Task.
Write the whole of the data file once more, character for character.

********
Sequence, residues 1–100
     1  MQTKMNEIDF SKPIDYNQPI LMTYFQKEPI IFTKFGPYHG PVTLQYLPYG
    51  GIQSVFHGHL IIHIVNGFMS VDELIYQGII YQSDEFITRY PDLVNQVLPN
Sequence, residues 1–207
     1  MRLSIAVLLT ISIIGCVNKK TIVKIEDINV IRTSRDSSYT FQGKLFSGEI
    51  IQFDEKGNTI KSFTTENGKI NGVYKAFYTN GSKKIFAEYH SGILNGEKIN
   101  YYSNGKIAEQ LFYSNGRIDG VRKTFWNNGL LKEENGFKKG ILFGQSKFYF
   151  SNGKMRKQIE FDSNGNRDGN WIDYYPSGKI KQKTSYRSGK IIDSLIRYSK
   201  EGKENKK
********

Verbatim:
Sequence, residues 1–100
     1  MQTKMNEIDF SKPIDYNQPI LMTYFQKEPI IFTKFGPYHG PVTLQYLPYG
    51  GIQSVFHGHL IIHIVNGFMS VDELIYQGII YQSDEFITRY PDLVNQVLPN
Sequence, residues 1–207
     1  MRLSIAVLLT ISIIGCVNKK TIVKIEDINV IRTSRDSSYT FQGKLFSGEI
    51  IQFDEKGNTI KSFTTENGKI NGVYKAFYTN GSKKIFAEYH SGILNGEKIN
   101  YYSNGKIAEQ LFYSNGRIDG VRKTFWNNGL LKEENGFKKG ILFGQSKFYF
   151  SNGKMRKQIE FDSNGNRDGN WIDYYPSGKI KQKTSYRSGK IIDSLIRYSK
   201  EGKENKK